A forensic scientist says a skeleton with ties to Dr. Henry Wheeler, a central figure in Northfield’s storied James-Younger Raid of 1876, could be that of gang member Clell Miller.
In a presentation last month in Atlanta at the annual meeting of the American Academy of Forensic Sciences, James Bailey, Ph.D., a professor at the University of North Carolina Wilmington, said a process called craniofacial superimposition could not rule out that the skeleton’s skull belonged to Clell Miller.
Miller was one of two gang members slain on the street in Northfield during the failed attempt to rob the First National Bank of Northfield. Dr. Wheeler, then a medical student home for the summer, shot and killed Clell Miller; Anslem Manning, a local hardware merchant, shot and killed Bill Chadwell, also known as William Stiles.
Craniofacial superimposition can definitively exclude remains from a positive identification. Computer tomography (CT) scans were used to establish key reference points on the skull in question. Then a postmortem photo was superimposed over the CT scan of the skull to see how the reference points match. Dr. Gil Brogdon and Dr. Brandon Nichols, Forensic Radiologists from Mobile, Alabama, collaborated with Dr. Bailey and used Miller’s case study to familiarize the forensic science community with the technique and how it is used in historical cases.
Dr. Bailey and his colleagues reported that numerous factors must still be evaluated to confirm that the skull is indeed Miller’s, but based on craniofacial superimposition analyzed by three independent sources, Dr. Bailey said the matches were “remarkable.”
The findings will reinvigorate the search for answers about the disposition of the corpses of the two gang members killed that day in Northfield.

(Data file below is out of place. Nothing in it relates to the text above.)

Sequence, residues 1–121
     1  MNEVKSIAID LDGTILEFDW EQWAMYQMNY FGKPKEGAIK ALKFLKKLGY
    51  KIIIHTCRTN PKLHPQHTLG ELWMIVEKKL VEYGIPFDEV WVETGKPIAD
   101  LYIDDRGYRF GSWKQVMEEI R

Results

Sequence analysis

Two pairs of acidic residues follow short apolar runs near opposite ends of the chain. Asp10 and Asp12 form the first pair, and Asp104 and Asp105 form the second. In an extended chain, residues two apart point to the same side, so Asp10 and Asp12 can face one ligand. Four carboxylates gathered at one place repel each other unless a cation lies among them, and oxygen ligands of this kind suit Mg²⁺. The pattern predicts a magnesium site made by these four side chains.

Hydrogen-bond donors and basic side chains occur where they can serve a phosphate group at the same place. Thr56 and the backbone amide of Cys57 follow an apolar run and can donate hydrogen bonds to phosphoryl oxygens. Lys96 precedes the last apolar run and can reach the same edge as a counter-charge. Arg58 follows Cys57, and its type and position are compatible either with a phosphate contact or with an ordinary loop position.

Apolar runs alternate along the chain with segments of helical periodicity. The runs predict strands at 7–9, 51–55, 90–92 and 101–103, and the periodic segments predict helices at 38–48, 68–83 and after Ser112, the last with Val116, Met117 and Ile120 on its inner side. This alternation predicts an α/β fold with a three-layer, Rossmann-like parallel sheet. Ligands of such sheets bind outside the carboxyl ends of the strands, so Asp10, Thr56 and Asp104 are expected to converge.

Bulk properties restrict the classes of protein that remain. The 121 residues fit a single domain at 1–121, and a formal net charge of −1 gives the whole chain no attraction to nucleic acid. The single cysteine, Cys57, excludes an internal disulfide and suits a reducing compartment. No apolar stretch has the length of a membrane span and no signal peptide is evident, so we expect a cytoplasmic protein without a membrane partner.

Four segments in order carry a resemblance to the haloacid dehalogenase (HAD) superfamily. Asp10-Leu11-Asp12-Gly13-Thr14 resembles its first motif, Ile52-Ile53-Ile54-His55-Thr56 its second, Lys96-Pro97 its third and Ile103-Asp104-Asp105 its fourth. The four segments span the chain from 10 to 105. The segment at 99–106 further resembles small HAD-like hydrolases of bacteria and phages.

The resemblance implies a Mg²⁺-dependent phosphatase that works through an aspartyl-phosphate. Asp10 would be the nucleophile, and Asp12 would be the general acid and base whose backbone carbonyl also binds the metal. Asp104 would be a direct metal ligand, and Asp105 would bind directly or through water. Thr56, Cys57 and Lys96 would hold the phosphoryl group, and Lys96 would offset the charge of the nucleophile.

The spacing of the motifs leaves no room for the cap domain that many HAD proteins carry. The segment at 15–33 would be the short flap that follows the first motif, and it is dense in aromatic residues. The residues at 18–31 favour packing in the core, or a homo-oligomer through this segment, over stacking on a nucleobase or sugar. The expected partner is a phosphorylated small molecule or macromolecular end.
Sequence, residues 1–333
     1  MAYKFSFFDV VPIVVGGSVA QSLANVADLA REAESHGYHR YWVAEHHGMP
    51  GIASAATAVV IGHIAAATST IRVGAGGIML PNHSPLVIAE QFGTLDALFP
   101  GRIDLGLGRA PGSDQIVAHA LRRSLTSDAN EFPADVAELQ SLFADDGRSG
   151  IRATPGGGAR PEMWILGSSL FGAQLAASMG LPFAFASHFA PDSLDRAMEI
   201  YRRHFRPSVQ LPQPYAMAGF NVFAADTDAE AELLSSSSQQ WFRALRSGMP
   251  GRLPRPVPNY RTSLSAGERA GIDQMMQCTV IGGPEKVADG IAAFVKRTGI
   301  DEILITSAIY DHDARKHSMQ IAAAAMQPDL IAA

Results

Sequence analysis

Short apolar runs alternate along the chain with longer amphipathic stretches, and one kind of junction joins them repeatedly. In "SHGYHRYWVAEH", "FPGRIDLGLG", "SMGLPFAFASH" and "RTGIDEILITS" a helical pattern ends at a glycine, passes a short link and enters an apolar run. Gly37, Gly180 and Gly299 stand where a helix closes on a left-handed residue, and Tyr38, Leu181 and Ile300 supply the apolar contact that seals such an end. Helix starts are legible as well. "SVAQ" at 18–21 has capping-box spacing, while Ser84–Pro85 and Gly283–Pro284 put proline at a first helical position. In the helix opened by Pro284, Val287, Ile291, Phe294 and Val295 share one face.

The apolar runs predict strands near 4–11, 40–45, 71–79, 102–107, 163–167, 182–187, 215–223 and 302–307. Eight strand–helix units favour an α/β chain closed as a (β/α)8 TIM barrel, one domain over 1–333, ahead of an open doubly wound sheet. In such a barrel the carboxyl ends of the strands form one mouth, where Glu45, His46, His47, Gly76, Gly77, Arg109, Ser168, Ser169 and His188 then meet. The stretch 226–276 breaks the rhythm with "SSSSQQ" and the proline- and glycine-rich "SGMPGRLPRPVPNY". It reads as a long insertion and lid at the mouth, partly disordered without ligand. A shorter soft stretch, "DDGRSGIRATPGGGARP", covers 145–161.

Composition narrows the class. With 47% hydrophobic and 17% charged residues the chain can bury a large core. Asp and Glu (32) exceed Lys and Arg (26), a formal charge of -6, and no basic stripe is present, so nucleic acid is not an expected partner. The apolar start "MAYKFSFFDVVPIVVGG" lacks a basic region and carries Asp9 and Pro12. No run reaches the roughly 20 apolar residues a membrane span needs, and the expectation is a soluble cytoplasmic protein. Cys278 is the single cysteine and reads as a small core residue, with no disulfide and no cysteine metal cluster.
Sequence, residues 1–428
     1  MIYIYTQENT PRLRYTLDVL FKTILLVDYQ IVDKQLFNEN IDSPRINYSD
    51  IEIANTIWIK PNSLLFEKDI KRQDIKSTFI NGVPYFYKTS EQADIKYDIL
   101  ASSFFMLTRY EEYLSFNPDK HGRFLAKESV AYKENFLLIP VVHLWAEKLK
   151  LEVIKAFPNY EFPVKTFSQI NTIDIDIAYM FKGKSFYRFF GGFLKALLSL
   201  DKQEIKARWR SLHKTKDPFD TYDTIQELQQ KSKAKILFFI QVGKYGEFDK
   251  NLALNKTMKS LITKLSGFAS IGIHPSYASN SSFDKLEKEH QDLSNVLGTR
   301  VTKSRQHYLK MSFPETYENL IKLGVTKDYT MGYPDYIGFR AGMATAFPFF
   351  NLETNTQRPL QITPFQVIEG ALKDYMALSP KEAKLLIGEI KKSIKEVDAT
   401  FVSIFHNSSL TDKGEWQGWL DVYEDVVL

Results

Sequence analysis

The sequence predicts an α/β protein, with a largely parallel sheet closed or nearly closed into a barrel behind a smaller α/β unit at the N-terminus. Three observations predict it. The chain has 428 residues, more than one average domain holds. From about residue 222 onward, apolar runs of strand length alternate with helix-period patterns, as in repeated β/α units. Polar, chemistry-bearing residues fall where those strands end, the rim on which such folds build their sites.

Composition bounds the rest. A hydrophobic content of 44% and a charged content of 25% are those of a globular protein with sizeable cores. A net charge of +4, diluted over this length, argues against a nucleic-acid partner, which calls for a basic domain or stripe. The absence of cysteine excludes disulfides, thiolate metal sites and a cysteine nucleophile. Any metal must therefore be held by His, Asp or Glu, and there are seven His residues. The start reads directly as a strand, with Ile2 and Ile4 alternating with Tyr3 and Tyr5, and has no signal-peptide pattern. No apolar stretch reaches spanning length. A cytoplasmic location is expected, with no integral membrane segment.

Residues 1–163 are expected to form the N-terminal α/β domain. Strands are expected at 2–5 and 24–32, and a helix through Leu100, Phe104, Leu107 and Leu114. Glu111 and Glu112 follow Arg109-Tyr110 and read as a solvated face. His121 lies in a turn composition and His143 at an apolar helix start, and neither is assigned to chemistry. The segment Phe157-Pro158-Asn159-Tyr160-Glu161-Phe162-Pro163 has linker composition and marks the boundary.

This is not a definitive finding,but it certainly brings us a step closer to finding the skeletons of these two outlaws.
Dr. Bailey said the skeleton they examined was discovered two years ago in Grand Forks, N.D. Dr. Wheeler, who practiced medicine there for many years, purportedly donated the skeleton to the local Odd Fellows when he retired. The skeleton was discovered during an Odd Fellows’ auction in the mid 1980s and was obtained by a private collector who wishes to remain anonymous. Since Dr. Bailey’s retirement from Minnesota State University, Mankato, he continues to teach part time in North Carolina and pursues the location and identity of the outlaw skeletons.
It has long been thought that the two corpses were shipped to Wheeler’s medical school to be used as cadavers. Miller’s relatives asked that his body be returned and a body was shipped to Missouri and buried in Kearney, Mo. However, Dr. Wheeler is reported to have claimed a skeleton in his office was Miller’s.
Dr. Bailey has provided forensic analysis on another skeleton related to the Northfield bank raid. A skeleton once thought to be that of Charlie Pitts, a gang member killed in a shootout near Hanska, Minn. two weeks after the bank raid, has been in possession of Northfield Historical Society for many years. Dr. Bailey used DNA analysis in 2009 to determine that the chances the skeleton belonged to Pitts were “slim to none.”
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